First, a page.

‘V-Day’ 2012- Celebrating woman in all her avatars

In a shift from last year, Grassrooted Trust will perform 7 monologues written by Lankans working in the area of sexual and reproductive health and rights in Sri Lanka

Last year, when the Grassrooted Trust performed on V-Day it used monologues written by world renowned authors. With its strong ensemble cast, ‘A Memory. A Monologue. A Rant and a Prayer: Writings to End Violence Against Women and Girls’ featured narratives from all over the world.

It was a success: a sold out show raised Rs. 50,000 for the Women’s Development Centre in Kandy. This year, directors Anuruddha Fernando and Hans Billimoria have returned with another batch of stories intended to raise awareness about problems women face. But this time, they’re hitting even closer home.

The seven monologues have been written by Sri Lankans living and working in the murky field of sexual and reproductive health and rights in Sri Lanka. They will also be performed by Sri Lankans, as the cast includes actors from both English and Sinhala drama traditions. Their success last year has inspired the Grassrooted Trust to push forward, say the organisers.

At this year’s ‘V DAY’ they will focus on “Sri Lankan stories that discuss not only conventional forms of violence against women and girls, such as rape, battery, incest and sexual slavery, but also more unconventional, far less reported forms of violence, stemming from patriarchy, and cultural hypocrisy.”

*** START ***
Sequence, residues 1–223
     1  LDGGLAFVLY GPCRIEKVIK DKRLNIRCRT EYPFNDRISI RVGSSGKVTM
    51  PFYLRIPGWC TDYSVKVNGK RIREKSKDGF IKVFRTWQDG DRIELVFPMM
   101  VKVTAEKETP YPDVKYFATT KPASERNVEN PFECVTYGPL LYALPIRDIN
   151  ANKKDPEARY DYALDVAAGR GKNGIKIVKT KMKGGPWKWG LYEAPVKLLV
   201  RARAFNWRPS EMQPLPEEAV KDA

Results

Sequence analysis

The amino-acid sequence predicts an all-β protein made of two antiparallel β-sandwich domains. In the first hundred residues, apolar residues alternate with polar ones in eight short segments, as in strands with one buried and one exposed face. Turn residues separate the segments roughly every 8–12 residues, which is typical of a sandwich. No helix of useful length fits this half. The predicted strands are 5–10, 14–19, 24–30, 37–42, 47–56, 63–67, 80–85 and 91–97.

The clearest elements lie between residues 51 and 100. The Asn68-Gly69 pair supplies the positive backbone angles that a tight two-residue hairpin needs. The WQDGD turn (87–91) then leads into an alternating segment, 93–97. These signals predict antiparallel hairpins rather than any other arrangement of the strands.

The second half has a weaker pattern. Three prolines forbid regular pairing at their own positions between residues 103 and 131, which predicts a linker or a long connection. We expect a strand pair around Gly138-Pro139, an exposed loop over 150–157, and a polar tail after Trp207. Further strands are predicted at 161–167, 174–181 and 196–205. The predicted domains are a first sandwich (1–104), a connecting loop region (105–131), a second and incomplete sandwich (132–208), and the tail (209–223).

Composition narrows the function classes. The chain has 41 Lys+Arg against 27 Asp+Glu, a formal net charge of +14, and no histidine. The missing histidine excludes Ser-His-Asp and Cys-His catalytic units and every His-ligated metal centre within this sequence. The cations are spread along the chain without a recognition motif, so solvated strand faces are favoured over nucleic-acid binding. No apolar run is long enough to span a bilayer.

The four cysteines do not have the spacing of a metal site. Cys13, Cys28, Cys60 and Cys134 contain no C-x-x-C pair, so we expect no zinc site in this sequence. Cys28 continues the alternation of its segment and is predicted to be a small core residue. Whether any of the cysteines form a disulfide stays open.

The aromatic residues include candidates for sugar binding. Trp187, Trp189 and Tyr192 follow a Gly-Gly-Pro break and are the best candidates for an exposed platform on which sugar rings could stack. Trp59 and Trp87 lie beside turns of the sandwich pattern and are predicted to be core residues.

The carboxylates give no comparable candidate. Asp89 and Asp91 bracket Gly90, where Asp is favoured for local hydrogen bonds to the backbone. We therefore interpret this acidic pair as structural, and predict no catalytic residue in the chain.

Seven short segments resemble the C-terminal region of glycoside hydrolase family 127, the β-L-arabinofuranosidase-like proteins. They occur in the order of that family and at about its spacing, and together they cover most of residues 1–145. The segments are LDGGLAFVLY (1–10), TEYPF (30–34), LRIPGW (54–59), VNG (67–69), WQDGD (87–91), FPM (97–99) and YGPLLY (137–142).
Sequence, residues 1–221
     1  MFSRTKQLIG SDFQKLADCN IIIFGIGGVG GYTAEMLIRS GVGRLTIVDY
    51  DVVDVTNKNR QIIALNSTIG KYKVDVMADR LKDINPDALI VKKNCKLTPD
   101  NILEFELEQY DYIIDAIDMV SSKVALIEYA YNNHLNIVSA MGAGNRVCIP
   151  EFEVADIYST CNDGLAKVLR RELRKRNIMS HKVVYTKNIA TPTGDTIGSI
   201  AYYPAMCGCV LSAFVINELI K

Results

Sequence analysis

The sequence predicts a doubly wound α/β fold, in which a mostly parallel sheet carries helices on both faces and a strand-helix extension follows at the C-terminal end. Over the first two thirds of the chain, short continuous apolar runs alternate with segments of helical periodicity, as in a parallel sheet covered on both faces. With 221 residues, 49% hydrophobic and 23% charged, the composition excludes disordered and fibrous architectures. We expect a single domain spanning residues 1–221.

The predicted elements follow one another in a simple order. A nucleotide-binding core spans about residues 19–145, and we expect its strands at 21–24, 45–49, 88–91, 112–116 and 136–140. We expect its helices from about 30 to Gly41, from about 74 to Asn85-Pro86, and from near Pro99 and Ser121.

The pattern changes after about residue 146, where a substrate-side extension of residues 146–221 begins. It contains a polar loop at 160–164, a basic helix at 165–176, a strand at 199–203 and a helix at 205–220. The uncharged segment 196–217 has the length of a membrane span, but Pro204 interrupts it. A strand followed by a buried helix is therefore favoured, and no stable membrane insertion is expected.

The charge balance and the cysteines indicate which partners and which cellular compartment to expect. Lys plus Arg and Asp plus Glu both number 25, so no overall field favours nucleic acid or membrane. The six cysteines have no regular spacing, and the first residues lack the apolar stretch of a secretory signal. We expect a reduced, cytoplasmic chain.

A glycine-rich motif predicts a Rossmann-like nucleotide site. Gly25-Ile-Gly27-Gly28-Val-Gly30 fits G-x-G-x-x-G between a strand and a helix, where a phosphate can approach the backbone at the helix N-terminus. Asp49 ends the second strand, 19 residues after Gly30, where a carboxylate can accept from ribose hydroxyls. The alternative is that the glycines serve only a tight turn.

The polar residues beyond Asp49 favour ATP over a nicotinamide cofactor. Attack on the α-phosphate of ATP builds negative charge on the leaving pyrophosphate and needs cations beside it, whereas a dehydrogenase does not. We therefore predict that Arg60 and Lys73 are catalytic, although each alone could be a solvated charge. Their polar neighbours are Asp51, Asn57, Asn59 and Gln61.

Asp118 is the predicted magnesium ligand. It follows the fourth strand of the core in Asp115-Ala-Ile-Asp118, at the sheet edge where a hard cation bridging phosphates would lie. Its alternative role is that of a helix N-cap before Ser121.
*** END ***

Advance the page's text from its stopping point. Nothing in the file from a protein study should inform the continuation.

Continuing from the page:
The dates they’ve chosen are not without significance. April is the month where the Island celebrates the Sinhala and Tamil New Year, an event linked closely to the paddy harvest and which is seen as a celebration of the earth’s fertility. Women have always been central to this period of festivity, say the organisers adding, “today, women are respected, and even venerated, provided they have conformed to the stereotype of what we identify as a “good” Sri Lankan woman.

” If one were to consider the Island’s history, one could find a time in which women were treated with more respect, they contend. “Women were more than just mothers and wives, they had strong independent identities. Women in 2012, due to the influence of Western forms of patriarchy, stemming from religion, have lost ground, and we hope that V-DAY 2012 will be a step towards once again celebrating the woman in all her avatars.”

V-DAY 2012 – Writings to end Violence Against Women and Girls in Sri Lanka’, will be staged on Sunday, April 1 at the Maradana Warehouse Project.

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